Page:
English usage | Sunday Observer

English usage

25 June, 2023

This is a guide to help learners to communicate easily in both speech and writing through a better understanding of the English language.

Object / objective

An object is a solid thing you can hold, touch or see, but that is not alive.

A spoon is an object.

The world ‘object’ also means ‘the purpose of a plan, action or activity.’

The object of the game is to improve children’s math skills.

In grammar an object is a noun or pronoun representing the person or thing that something is done to, for example, ‘the house’ in the sentence: We built the house.

An objective is something you have to achieve, especially in business or politics.

The degree program has two main objectives.

Oblique / obliquity

‘Oblique’ means ‘not expressed in a direct way.’

He made an oblique reference to his drinking problem.

In British English an oblique is a mark ( / ) used for writing fractions or for separating numbers, letters or words.

‘An oblique angle’ is one that is not 90 degrees.

The word ‘obliquity’ is used in a figurative sense meaning ‘moral delinquency or mental perversity.’

Oblivious / oblivion

‘Oblivious’ means ‘not knowing about or not noticing something that is happening around you.’

He seemed oblivious to the fact that he had hurt her feelings.

‘Oblivion’ means ‘when something is completely forgotten or no longer important.’

The loser’s name has been consigned to oblivion.

Obnoxious / noxious

‘Obnoxious’ means ‘very offensive, unpleasant or rude.’

That’s an obnoxious idea.

‘Noxious’ means ‘harmful or poisonous.’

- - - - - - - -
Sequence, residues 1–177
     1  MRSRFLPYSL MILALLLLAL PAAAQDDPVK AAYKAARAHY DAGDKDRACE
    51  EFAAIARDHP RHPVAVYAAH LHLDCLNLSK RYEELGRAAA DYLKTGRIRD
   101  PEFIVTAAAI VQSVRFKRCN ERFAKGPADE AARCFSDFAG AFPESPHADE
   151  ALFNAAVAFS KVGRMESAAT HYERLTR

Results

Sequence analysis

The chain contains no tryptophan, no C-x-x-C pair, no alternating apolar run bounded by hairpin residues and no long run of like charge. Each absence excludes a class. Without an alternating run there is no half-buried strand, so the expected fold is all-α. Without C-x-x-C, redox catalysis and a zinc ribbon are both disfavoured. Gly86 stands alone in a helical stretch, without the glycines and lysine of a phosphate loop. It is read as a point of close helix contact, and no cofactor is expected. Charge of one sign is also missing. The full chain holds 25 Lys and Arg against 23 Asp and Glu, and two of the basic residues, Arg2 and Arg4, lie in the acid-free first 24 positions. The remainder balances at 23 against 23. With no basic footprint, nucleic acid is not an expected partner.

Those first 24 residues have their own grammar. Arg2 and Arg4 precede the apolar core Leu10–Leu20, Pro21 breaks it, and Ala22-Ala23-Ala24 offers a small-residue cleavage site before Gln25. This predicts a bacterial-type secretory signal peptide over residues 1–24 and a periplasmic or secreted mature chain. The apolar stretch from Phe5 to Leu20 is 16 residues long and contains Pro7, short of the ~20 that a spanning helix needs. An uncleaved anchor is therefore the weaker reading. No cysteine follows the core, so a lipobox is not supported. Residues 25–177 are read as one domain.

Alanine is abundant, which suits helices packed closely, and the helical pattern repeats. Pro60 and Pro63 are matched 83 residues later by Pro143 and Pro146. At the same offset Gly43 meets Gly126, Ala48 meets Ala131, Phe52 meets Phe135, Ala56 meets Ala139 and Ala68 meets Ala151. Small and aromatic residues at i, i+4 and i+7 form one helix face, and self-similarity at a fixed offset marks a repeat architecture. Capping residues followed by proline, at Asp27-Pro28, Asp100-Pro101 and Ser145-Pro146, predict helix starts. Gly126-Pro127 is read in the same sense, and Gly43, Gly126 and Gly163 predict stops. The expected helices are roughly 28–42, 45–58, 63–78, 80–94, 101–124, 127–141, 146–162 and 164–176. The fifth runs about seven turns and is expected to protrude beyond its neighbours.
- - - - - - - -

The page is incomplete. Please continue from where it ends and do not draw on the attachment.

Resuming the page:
The factory emits noxious fumes.

Observance / observation / observatory

‘Observance’ means ‘when someone obeys a law or does something because it is part of a religion, custom or ceremony.’

Certain religions demand strict observance of rituals.

An observation is the process of watching something or someone carefully for a period of time. The patient spent two nights under close observation in hospital.

An ‘observation post’ is a position from which an enemy can be watched.

An ‘observation tower’ is a tall structure built so that you can see a long way, used to watch prisoners.

An ‘observatory’ is a special building from which scientists watch the moon, stars and weather.

Obsolete / obsolescent

‘Obsolete’ means ‘no longer in use, discarded or out of date’

The rickshaw is an obsolete vehicle.

‘Obsolescent’ means ‘tending to become out of date, passing out of use.’

The piston-engine plane is obsolescent.

Obstacle / impediment

An obstacle is something that stands in the way of progress.

His mother’s opposition to his marriage is an obstacle still to be overcome.

An impediment implies a physical defect such as a speech disorder, an obstruction or hindrance.

Lame though he was, his impediment did not prevent him from succeeding in life.

Occupant / occupier

An occupant is someone who lives in a house or room.

The furniture had been left by the previous occupant.

An occupier is someone who lives in or uses a particular house or piece of land.

A large proportion of occupiers now own their houses.

Oculist / optician /optometrist

An oculist is a doctor who examines and treats people’s eyes.

An optician is someone who tests people’s eyes and sells glasses in a shop. In American English such a person is called an optometrist.

Odious / odorous

‘Odious’ means ‘extremely unpleasant.’

An odious little man followed the girl.

‘Odorous’ means ‘having a smell, especially a fragrant one.’

O (e) s

Most words ending in ‘o’ form the plural by adding ‘es’:

Tomato (tomatoes), potato (potatoes), hero (heroes), cargo (cargoes)

Shortened words such as ‘photo’ in which ‘o’ is preceded by a vowel and many foreign words do not take ‘es’ to form the plural.

Photo (photos), concerto (concertos), memo (memos), folio (folios), manifesto (manifestos)